Living Out the Sabbath With My Family

“Remember the Sabbath and keep it holy.” 
Exodus 20:8.
image courtesy of kevin via Picasa

I don’t do well keeping the Sabbath. This fact may seem odd, especially considering that I am Jewish. Exodus 20:8 should be a big deal to me; it’s one of the Big 10, after all. And it should at least be a good excuse to spend a day doing nothing. But I’m not good at resting, whether for my sake or for the bigger purpose of worshiping God.

Challenges to Keeping the Sabbath

Maybe part of the problem is trying to figure out how to define the Sabbath. One of the first theological debates that Joanna and I had in our marriage is what day of the week is the Sabbath. Most churches use the term Sabbath as Sunday, whereas the Bible always means Sabbath to be Saturday. I think it’s more accurate to call Sunday “the Lord’s Day.” (By the way, I win about 60% of theological arguments with Joanna; 70% if I get to pick the topic. However, for anything related to practical living, she is right 94.5% of the time.)

And part of the problem is deciding what counts as work. When I played football for Swansea High School, the weight room was open three days a week during the summer – Sundays, Tuesdays, and Thursdays. I liked working out on Sundays, because it was typically a day where I didn’t have anything else going on (being a non-Christian, I didn’t even go to church services). I’ll never forget a younger teammate being shocked that I liked working out “on the Sabbath.” But I liked lifting weights and exercising. If I enjoy something, shouldn’t that count as rest?

Another part of the problem is how I can use Scripture to trump Scripture. I pick the verses that best suit my needs. In this case, I use passages like Mark 2:23 – 3:6. Jesus’ disciples gathered food, and He healed a crippled man, all on the Sabbath. The religious leaders looked at this with shock and frustration. I look at this as my excuse to do what I want to. “The Sabbath was made for man, and not man for the Sabbath.” See that? The Sabbath can’t control me; I am saved by Jesus, through faith, not by keeping religious rules. Bring on the work!

Obviously, selectively using scripture like this brings confusion to the issue, not clarity. Like Jon Acuff, I tend to flirt with the Sabbath. I might get convicted about it and keep the Sabbath for a short while. But soon, as always, I give up.

Sabbath Is About Worship

I think most Christians, myself included, are missing out on the blessings of the Sabbath. We miss out because we forget that the real issue is to worship and bring glory to Godin all areas of our lives, 24 hours per day, 7 days per week. The core idea is that I need to be willing to trust God with my time, even a whole day (or more), being willing to not get things done.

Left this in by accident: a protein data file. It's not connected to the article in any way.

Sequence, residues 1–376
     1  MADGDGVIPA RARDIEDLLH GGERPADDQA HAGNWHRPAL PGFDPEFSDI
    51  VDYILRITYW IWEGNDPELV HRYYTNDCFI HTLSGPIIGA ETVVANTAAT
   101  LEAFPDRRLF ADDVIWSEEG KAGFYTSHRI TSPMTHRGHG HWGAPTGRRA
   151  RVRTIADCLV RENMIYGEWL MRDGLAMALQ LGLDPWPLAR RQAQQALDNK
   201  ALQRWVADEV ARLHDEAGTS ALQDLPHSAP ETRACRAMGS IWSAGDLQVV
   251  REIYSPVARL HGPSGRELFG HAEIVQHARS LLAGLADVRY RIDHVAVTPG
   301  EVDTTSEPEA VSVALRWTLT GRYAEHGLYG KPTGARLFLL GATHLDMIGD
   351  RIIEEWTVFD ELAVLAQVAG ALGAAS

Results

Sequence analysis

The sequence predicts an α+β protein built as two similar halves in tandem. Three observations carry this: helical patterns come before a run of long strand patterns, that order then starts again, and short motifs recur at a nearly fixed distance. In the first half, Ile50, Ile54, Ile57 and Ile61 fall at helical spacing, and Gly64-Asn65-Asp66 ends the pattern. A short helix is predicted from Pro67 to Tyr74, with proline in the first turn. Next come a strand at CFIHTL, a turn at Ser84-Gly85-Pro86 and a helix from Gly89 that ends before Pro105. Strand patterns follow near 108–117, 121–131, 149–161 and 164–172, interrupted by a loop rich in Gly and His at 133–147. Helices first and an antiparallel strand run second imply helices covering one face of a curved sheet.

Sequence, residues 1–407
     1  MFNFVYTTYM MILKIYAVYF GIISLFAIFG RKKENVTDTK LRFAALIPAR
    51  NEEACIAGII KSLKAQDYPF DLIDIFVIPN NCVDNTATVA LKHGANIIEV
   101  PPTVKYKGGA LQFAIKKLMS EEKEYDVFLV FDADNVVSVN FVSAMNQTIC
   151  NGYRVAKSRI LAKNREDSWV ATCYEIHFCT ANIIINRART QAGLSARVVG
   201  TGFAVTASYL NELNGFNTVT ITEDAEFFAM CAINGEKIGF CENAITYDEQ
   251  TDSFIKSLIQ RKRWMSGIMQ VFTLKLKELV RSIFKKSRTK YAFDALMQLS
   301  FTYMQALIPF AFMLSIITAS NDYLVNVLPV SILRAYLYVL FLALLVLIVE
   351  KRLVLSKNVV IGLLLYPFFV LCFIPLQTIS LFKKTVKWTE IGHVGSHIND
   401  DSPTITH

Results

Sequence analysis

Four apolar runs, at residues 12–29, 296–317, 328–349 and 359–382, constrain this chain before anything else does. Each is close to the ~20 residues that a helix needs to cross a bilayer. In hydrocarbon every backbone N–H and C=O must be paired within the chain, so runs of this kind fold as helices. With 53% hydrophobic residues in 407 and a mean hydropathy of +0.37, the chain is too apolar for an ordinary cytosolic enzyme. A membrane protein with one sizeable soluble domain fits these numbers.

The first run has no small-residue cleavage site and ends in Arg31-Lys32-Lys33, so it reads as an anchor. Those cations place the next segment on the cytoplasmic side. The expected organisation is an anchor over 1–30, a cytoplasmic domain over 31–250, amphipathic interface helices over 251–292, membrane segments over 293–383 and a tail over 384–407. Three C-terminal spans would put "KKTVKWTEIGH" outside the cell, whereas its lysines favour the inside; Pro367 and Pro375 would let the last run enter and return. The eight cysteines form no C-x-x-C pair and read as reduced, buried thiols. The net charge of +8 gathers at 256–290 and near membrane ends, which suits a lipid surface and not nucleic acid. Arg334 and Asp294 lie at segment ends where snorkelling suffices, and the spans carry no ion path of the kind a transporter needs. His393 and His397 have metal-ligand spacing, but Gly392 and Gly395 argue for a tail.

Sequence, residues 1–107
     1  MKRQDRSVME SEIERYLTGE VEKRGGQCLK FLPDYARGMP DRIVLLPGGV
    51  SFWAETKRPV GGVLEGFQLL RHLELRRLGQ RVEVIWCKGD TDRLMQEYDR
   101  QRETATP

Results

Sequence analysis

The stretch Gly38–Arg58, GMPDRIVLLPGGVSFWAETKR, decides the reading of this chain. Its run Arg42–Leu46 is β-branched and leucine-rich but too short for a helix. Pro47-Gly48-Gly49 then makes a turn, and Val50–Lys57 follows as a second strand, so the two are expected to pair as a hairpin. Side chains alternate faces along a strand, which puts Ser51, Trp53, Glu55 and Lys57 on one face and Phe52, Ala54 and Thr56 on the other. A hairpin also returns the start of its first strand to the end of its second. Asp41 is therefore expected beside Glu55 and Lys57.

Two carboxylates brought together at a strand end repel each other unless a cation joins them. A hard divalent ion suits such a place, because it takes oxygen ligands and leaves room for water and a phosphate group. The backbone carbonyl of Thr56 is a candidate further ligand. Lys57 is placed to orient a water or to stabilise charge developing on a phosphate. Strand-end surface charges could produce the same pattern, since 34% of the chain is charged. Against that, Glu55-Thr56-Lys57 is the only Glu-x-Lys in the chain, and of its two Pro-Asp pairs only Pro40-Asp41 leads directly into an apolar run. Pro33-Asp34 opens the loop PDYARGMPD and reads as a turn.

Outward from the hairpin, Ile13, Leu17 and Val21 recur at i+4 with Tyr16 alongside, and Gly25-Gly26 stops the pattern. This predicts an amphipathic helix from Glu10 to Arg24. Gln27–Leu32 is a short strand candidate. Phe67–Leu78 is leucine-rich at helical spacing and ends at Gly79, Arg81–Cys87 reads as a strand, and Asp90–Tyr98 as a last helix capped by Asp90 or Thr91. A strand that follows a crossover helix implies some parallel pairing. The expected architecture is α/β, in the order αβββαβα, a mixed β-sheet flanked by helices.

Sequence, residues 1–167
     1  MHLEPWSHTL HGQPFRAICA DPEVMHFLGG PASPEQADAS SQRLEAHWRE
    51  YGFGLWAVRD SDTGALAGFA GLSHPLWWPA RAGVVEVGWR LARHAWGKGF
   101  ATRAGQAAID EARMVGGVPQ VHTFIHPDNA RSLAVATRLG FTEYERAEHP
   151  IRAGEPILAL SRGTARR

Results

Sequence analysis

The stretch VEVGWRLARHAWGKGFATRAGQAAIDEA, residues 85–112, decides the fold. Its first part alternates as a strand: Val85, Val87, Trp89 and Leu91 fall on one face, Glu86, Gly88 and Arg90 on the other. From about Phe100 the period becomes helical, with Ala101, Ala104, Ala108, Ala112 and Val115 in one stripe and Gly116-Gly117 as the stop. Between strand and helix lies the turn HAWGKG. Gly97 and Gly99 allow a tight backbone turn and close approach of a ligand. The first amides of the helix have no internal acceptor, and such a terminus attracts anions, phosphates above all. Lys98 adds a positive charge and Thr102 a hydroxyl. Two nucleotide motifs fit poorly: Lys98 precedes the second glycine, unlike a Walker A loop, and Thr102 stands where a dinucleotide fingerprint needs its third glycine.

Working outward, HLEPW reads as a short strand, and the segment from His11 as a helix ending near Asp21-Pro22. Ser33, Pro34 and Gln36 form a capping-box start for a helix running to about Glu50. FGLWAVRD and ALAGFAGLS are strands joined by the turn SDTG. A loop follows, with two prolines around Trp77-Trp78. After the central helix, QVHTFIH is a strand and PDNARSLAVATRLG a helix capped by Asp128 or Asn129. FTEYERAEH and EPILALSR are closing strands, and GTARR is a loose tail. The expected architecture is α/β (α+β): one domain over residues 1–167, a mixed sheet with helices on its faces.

And when I return to work, and see how overwhelmed I am with how far behind I got, that is the opportunity to continue to worship, to say to God, “I will not get all this done, but that’s OK. You are the God who provided my salvation. And my position as Your child has nothing to do with what I accomplish today. I thank You for Your love and grace. I will work diligently with all my heart. But I will do this as a response of worship, not out of my need to prove myself to be self-competent, so others will think good things about me.”

A Great Model

He’ll hate me doing this, but I want to brag on my brother. I think he does a great job leading his family in resting on the Lord’s Day. They have certain traditions regarding meals and activities, but what I appreciate most is that I know these aren’t traditions done for the sake of keeping traditions. Their traditions are instruments to help them know, experience, and worship God more fully. Their three boys (including one on the way) are blessed to grow up in this home.

Maybe Something We’ll Try

Now that we have moved to Allendale, this may be a good time to set a new and better course for our family. We have talked about taking Sunday afternoons (or maybe some Saturdays) to do something special as a family. We can rotate who picks what we’ll do, so everyone gets some ownership in this. We might go to a nearby town (like Hampton or Barnwell) for food and shopping, or go a little further away (like Beaufort, Aiken, or even Savannah), or even stay home to play games together. Feel free to keep me accountable to lead my family in this.

Further Reading

To read more about the Sabbath, here are a few resources:Perspectives on the Sabbath: Four Views

This last link has some good closing words:

“We must leave time for slow afternoons, for evening meals where we pray together and share our faith and struggles, for Sunday mornings of shared worship. God ordains Sabbath for our good and for His glory.”

Do you have any other recommended books or links about the Sabbath?

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One response to “Living Out the Sabbath With My Family”

  1. Kelley says :

    “Breathe – Creating Space for God in a Hectic Life” by Kerri Wyatt Kent. Not solely about sabbath, but a good portion of the book.

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